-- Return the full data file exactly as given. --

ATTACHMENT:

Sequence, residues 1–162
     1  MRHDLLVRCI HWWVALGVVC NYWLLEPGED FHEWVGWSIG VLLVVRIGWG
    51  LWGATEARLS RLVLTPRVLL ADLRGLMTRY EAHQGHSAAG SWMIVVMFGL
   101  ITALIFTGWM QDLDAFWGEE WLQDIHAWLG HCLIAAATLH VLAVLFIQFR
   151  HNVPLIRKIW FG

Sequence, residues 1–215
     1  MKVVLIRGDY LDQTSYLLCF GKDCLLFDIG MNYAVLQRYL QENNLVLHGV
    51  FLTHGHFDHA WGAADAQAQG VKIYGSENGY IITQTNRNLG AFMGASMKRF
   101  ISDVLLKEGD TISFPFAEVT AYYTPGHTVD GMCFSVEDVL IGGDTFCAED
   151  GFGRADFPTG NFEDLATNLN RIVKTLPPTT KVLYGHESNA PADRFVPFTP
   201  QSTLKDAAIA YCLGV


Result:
Sequence, residues 1–162
     1  MRHDLLVRCI HWWVALGVVC NYWLLEPGED FHEWVGWSIG VLLVVRIGWG
    51  LWGATEARLS RLVLTPRVLL ADLRGLMTRY EAHQGHSAAG SWMIVVMFGL
   101  ITALIFTGWM QDLDAFWGEE WLQDIHAWLG HCLIAAATLH VLAVLFIQFR
   151  HNVPLIRKIW FG

Sequence, residues 1–215
     1  MKVVLIRGDY LDQTSYLLCF GKDCLLFDIG MNYAVLQRYL QENNLVLHGV
    51  FLTHGHFDHA WGAADAQAQG VKIYGSENGY IITQTNRNLG AFMGASMKRF
   101  ISDVLLKEGD TISFPFAEVT AYYTPGHTVD GMCFSVEDVL IGGDTFCAED
   151  GFGRADFPTG NFEDLATNLN RIVKTLPPTT KVLYGHESNA PADRFVPFTP
   201  QSTLKDAAIA YCLGV